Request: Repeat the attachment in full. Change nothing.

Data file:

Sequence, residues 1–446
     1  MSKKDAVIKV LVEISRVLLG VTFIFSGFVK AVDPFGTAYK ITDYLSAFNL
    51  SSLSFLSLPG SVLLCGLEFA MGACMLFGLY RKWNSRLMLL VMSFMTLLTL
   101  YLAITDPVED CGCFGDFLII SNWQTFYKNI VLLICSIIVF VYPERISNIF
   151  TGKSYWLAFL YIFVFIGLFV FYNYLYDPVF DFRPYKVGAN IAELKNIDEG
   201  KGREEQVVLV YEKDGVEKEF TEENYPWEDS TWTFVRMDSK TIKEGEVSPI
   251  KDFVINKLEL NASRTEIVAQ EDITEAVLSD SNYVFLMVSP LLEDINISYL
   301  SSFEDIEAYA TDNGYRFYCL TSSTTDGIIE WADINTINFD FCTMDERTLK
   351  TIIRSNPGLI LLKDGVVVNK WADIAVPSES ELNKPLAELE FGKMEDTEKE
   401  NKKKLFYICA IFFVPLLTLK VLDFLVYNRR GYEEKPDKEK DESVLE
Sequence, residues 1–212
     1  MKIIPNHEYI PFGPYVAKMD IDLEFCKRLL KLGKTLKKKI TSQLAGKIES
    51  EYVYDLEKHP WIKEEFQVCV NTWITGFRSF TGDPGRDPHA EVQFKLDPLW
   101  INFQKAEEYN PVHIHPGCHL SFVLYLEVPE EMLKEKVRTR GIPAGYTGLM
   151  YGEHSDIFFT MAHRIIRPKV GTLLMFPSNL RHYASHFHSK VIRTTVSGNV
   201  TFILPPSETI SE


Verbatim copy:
Sequence, residues 1–446
     1  MSKKDAVIKV LVEISRVLLG VTFIFSGFVK AVDPFGTAYK ITDYLSAFNL
    51  SSLSFLSLPG SVLLCGLEFA MGACMLFGLY RKWNSRLMLL VMSFMTLLTL
   101  YLAITDPVED CGCFGDFLII SNWQTFYKNI VLLICSIIVF VYPERISNIF
   151  TGKSYWLAFL YIFVFIGLFV FYNYLYDPVF DFRPYKVGAN IAELKNIDEG
   201  KGREEQVVLV YEKDGVEKEF TEENYPWEDS TWTFVRMDSK TIKEGEVSPI
   251  KDFVINKLEL NASRTEIVAQ EDITEAVLSD SNYVFLMVSP LLEDINISYL
   301  SSFEDIEAYA TDNGYRFYCL TSSTTDGIIE WADINTINFD FCTMDERTLK
   351  TIIRSNPGLI LLKDGVVVNK WADIAVPSES ELNKPLAELE FGKMEDTEKE
   401  NKKKLFYICA IFFVPLLTLK VLDFLVYNRR GYEEKPDKEK DESVLE
Sequence, residues 1–212
     1  MKIIPNHEYI PFGPYVAKMD IDLEFCKRLL KLGKTLKKKI TSQLAGKIES
    51  EYVYDLEKHP WIKEEFQVCV NTWITGFRSF TGDPGRDPHA EVQFKLDPLW
   101  INFQKAEEYN PVHIHPGCHL SFVLYLEVPE EMLKEKVRTR GIPAGYTGLM
   151  YGEHSDIFFT MAHRIIRPKV GTLLMFPSNL RHYASHFHSK VIRTTVSGNV
   201  TFILPPSETI SE